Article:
• It really does make you question things doesn’t it? I think a lot of people are similar to yourself, but to have that deep down belief I can only think must be reassuring for you. Thanks for the comment x

  2. Super post Minty. I was never Christened and I have no religion at all – I don’t think I believe in God, I don’t believe in anything really. I never have been and never will be (that I can see) a religious person. We haven’t had MC Christened as I believe if she wants a faith she should be able to choose it herself. I have no problem with others practising faith and what they believe in – each to their own is what I say – I never mock anyones beliefs, in fact, I am intrigued by people and their faiths/beliefs so thanks for sharing yours 🙂 x

    • Ah, thank you. We weren’t going to have G christened for that very same reason. In the end we did – in the hospice room with just us, my brother and my Mum 5 days before she died and one day before she started to really deteriorate. It brought Mum so much joy that I don’t regret it for an instant. A few months later, we had the humanist naming ceremony we’d wanted all along. Both were beautiful in their own way. x

  3. Reading this after visiting the tree where mum’ ashes are scattered one year on from her death. For me the answer to spirituality is in being in nature. I remember as a trainee teacher sitting in on a PSHE lesson where the toughest male teacher said just that to a roomful of teenagers, I thought it was career suicide, but they loved it and it stuck with me too. I realise my mum wasn’t religious but she taught me to feel more connected to the world through loving nature.
    Sorry blog post in your comments! But a really inspiring post that got me thinking. I agree it’s important to celebrate something rather than nothing, but it doesnt have to be religion or god. It often seems a shame to me that all the big stuffabout religion gets in the way for me of the stuff I do like, ritual, community, doing good stuff!

  4. Lovely comment. Lovely sentiment. Couldn’t agree more about the big religious stuff getting in the way. x

  5. I believe in life after death but thats about my only belief. I admire those who have strong beliefs in any direction , God or otherwise. Live and let live if we were all the same there would be no diversity in life x

  6. That was a lovely piece to write MInty. I too have a problem with the ‘be all end all’ side of ‘Religion’. The do or die, follow us and be saved, hocus pocus that is thrust at so many young followers, often ending in a very confused, conflicted and more often rebellious person. I was always raised to treat people as you would like to be treated, not to tell lies and to help anyone you can. This has been the bases of my ‘faith’ (I say faith, as I feel Religion is a dangerous word), and throughout my life has stood me in good stead. I too was Christened and brought up within the Church, throwing our Sunday best on and traipsing off to Sunday School each week. I enjoyed my time in the church and joined as an adult. MY faith only took a bashing when I too lost several close family members, Mother, Father and niece, without the exception of Grandparents to which most children/teenagers will be unfortunate to lose as they live and grow. I then took a thought to myself and listened to what my Mum and Dad had always said, the church is not the Building, it is the people. We are a strange concoction of beings in this race and it takes life experience and indeed having babies and raising our own little people to fully appreciate the gravity of what we have on this meagre plain! Live life to full and be good to each other and I firmly believe that those we have lost along the path will meet us in ‘The next room’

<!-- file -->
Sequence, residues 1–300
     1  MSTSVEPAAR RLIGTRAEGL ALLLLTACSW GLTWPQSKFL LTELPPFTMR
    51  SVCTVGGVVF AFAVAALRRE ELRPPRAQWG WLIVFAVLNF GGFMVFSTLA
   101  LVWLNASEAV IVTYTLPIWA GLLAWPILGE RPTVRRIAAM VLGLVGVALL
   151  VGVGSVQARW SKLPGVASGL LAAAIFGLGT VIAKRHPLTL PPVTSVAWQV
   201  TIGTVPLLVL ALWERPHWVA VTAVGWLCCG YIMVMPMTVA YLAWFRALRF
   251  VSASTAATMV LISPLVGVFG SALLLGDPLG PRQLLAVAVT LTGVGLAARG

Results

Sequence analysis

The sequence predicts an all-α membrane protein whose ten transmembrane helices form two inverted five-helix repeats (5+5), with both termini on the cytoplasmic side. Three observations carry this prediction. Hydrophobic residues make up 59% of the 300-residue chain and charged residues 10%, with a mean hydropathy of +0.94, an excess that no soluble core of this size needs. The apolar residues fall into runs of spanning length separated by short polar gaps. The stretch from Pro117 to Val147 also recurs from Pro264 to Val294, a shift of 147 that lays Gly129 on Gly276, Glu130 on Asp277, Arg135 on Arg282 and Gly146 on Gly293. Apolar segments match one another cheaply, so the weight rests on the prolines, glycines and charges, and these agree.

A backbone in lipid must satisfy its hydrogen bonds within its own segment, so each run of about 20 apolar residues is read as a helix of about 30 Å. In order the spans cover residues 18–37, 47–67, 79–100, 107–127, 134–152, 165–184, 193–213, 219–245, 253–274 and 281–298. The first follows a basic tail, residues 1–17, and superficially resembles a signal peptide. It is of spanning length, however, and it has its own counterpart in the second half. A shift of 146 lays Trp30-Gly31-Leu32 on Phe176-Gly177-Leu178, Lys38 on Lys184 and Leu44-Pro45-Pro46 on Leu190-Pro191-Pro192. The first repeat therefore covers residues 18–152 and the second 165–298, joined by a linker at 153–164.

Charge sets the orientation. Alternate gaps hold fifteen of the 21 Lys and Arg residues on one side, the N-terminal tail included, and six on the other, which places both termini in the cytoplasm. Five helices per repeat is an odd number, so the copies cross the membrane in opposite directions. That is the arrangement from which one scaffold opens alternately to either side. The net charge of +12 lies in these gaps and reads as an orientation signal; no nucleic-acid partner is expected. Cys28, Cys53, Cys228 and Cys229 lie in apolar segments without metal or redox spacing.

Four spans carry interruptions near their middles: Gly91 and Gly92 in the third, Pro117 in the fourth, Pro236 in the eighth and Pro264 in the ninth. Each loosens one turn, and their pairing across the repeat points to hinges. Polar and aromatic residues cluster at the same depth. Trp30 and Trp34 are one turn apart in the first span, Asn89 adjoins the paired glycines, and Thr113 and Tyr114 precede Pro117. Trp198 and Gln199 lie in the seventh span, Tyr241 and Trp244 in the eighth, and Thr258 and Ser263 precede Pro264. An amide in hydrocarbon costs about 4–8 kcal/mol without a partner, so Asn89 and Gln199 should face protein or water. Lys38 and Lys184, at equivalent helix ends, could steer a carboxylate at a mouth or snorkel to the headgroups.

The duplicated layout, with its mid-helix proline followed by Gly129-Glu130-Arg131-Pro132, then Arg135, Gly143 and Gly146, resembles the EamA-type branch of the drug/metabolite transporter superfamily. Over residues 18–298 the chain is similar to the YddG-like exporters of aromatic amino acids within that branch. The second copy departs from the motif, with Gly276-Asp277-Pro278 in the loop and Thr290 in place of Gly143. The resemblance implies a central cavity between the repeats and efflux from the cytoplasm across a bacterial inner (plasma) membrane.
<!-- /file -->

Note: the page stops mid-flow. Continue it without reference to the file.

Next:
Much love
    Morag x

  7. I hope so much you are right Morag. what an amazing comment: I love what your Parents said about a church being the people. A wise man once aid to me that organised Religion was man’s manipulation of faith – so true. Thank you xxx